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How to Stop Drug Use and Addiction 

how to stop doing drugs

Drug addiction—formally called a substance use disorder—is a complex and chronic medical condition. However, the good news is that it is treatable. With the proper steps taken, you can overcome your drug problem, stop drug use, and manage your symptoms of addiction successfully.  

However, stopping drug use, and further breaking the addiction cycle, is not always easy. This is because of the way drugs affect our bodies and brains.  

Why Is It Difficult to Stop Using Drugs? 

As described by the National Institute on Drug Abuse (NIDA), drugs are chemicals that have the ability to make lasting changes within our brain structure. When drugs are used, they overstimulate the brain’s “reward system,” mimicking its natural neurotransmitters and releasing a significant feeling of euphoria. This “high” is what keeps a user coming back for more drugs. As drug use increases, however, it changes the way the brain functions and communicates with the body. Drugs soon make it hard for a person to enjoy any other activities, and cause a user to continuously crave drugs and alcohol. With repeated drug use, a person becomes dependent on drugs to function or simply to feel “okay.” 

These changes are neurological. Drugs change the brain’s wiring and chemical make-up. While a person may choose to use drugs initially, it is these changes that cause them to keep going back for more. This makes it extremely difficult for a person to stop using drugs on their own. 

This is just the beginning. Not only do drugs create dependency, but they also weaken the circuits in the brain that are dedicated to self-control. When a person’s brain becomes dependent on drugs, it becomes difficult for them to control their impulses and cravings. They will continue to use drugs even when they know it’s causing harm, putting them at risk, getting in the way of their relationships, and doesn’t feel as good as it used to. A user may even want to quit, but cannot control their drug use.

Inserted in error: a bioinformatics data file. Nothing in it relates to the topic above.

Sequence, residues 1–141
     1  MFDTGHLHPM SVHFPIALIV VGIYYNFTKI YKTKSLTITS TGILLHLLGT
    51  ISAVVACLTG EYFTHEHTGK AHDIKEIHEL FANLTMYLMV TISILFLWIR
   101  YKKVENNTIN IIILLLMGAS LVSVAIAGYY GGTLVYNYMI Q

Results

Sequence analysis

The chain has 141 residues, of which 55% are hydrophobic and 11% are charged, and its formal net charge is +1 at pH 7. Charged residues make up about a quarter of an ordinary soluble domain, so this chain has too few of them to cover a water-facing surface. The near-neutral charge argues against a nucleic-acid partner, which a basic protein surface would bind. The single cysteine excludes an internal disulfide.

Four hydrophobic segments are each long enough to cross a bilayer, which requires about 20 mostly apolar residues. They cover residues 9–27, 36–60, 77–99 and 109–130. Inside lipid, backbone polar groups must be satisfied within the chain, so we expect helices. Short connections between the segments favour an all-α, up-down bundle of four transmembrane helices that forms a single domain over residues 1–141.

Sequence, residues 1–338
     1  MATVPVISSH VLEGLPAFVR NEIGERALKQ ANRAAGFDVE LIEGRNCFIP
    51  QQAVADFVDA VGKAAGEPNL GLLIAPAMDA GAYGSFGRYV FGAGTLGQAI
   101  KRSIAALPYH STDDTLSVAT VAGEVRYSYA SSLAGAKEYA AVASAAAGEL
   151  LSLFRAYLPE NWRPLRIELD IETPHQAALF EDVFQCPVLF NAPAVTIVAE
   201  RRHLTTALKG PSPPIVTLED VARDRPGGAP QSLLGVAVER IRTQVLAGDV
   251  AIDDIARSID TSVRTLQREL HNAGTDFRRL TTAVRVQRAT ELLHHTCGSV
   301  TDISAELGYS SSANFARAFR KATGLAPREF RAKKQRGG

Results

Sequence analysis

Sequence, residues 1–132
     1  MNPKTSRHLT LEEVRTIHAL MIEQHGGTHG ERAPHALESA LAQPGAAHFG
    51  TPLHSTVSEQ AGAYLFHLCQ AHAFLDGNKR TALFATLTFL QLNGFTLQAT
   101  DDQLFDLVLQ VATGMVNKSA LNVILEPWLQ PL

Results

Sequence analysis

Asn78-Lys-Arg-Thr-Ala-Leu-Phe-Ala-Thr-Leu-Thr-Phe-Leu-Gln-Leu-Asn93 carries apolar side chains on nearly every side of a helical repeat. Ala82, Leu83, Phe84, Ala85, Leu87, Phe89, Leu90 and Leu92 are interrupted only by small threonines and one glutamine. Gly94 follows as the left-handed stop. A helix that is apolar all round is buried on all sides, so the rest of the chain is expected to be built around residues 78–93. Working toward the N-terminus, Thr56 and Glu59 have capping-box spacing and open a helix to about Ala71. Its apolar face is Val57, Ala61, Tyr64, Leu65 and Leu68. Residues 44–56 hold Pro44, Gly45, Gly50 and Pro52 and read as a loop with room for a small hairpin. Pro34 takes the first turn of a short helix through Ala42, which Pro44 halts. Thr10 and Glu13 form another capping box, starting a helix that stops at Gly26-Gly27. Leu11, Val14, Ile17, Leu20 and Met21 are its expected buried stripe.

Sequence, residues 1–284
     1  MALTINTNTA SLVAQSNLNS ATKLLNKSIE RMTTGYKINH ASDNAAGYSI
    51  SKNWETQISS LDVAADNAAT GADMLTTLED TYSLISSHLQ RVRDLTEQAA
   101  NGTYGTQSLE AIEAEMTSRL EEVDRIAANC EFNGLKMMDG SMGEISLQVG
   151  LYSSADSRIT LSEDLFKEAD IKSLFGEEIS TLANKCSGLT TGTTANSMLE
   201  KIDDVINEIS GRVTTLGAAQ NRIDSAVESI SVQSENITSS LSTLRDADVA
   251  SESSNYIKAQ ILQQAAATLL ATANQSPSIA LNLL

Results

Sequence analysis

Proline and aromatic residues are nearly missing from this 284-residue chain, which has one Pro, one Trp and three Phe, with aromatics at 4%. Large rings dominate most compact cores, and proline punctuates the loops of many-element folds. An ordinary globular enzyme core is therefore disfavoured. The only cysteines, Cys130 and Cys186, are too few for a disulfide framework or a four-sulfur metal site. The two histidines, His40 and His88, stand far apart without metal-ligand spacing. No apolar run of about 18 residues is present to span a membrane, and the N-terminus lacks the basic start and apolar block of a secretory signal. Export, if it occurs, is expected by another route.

When this happens, it signals a drug addiction (i.e. substance use disorder). So, how does one break the cycle? Can you stop using drugs before it gets to this point? 

What to Consider Before You Stop Using Drugs 

It is possible to stop using drugs once you’ve started, but if you or a loved one has become a regular drug user, it’s important to do so with professional support. Suddenly quitting drugs on your own can be dangerous. It can cause your body to go into a state of withdrawal, which may trigger mental health problems, flu-like symptoms, or even life-threatening emergencies. Learn about the risks here. 

If you’ve developed the symptoms of addiction, and experience withdrawal when you are not using drugs, we recommend professional detoxification and treatment. This will ensure you stay safe and stable in the early recovery process. 

Do not be afraid to reach out for help. If you do not know where to start, you may consider: 

  • Speaking with your doctor. Your doctor can evaluate your health, mentally and physically, and refer to you a detoxification program and/or substance use treatment. 
  • Talking to your family and friends about your drug use. Although they are not professionals, they can help you explore potential options for professional treatment. They can also be your allies and advocates as you start the recovery process.  
  • Calling a reputable drug treatment center, like Turnbridge, for support and advice. We will speak with you confidentially, without bias, and help you decide what course of action is best for you. 

How to Stop Doing Drugs in 7 Steps 

Now, if you’re ready to stop drug use once and for all, we are here to help get you started. Below is our seven-step guide to overcoming drug use and stopping drug addiction in its tracks. 

  1. Set goals. 

If you are here, you’ve already recognized that you need to change your current habits. This is sometimes the hardest step of all—realizing you need help. Now that you’re at this point, take time to think about what you’d like to change. What would you like to accomplish? What is your drug use getting in the way of, that you’d like to enjoy again? This could be doing well in school, finding a job, rebuilding a relationship, or establishing an exercise routine. Think about what’s important to you and what will give you purpose. Set short-term and long-term goals, and make sure they are attainable and measurable. Write down your goals for recovery and make sure they are visible to you, every day.